Anonymous said...

Thanks for setting this out. Curious that this distinctly dodgy sounding affair has not been reported elsewhere... I guess the other media in this town don't have the enquiring minds nor the balls to do so. Labour, if they had any grace, should ask for a recount in the other close run ward, just to prove that there was no skullduggery.

Chris Satori said...

I don't think anyone is suggesting that there has been skullduggery. I don't see how it could be proven, and may quite simply have been due to an unfortunate lapse of concentration on one table while counting thousands of bits of paper. It is simply that an error margin as large as 10% is unusual and possibly not something people would have taken into consideration at the earlier counts. Perhaps the lesson candidates will take away is to always request a thorough recount when you lose. Even when the majority looks decisive.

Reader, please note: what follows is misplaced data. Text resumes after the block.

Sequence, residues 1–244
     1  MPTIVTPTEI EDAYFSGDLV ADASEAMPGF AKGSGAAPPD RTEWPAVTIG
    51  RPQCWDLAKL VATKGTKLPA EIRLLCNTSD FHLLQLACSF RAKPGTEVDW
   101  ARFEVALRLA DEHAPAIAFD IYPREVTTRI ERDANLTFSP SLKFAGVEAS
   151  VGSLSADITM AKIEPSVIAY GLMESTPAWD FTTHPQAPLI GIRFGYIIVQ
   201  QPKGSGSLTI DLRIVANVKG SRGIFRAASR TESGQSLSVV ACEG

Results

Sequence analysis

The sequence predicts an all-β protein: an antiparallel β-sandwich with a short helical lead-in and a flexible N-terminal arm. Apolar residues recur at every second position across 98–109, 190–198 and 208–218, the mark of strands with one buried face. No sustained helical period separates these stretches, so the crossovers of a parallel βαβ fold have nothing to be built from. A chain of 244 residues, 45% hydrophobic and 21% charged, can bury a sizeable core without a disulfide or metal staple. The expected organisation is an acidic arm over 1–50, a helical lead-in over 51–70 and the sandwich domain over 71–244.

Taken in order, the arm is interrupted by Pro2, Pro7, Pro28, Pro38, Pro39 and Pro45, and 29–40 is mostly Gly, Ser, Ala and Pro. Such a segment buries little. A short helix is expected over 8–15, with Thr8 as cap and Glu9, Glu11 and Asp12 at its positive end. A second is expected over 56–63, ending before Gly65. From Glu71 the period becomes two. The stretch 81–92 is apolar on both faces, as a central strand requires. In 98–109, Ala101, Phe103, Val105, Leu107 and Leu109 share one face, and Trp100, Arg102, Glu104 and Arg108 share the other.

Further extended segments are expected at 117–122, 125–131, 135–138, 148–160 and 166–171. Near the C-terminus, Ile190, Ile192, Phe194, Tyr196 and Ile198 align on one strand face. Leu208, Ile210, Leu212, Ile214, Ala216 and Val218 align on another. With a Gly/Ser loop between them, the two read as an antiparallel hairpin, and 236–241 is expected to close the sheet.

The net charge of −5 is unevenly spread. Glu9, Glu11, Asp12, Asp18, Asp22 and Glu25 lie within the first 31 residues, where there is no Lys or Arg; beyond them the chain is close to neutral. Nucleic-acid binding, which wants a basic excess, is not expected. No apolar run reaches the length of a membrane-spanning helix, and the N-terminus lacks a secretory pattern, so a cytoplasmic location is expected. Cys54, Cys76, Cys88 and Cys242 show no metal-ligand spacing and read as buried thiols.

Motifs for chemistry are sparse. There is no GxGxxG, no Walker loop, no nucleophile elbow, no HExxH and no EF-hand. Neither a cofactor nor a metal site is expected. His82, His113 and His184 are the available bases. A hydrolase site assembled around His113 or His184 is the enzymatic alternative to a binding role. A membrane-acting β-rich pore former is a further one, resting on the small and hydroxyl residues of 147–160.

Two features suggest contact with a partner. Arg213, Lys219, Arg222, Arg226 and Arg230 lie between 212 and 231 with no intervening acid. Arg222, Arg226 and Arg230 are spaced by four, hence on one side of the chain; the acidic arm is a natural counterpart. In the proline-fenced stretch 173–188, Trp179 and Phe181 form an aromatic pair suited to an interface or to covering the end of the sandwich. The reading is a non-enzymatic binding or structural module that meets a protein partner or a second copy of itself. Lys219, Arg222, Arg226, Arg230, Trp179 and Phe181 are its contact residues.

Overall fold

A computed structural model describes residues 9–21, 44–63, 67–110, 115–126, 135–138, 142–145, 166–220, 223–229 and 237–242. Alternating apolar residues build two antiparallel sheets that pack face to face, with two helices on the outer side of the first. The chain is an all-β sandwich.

Karen Leytham said...

I think someone is up to mischief because this years council rent freeze has absolutely nothing to do with Tim's alleged 'assiduous accountancy' skills. Within my portfolio I was the one responsible for recommending the rent freeze and at the same time bringing forward the building of new 1 bed council properties.

Chris Satori said...

@ Cllr Leytham: I am sorry if I have not given you credit where it is due. I imagine it is awkward for all parties when this happens and I have removed that part of the article pending further consideration.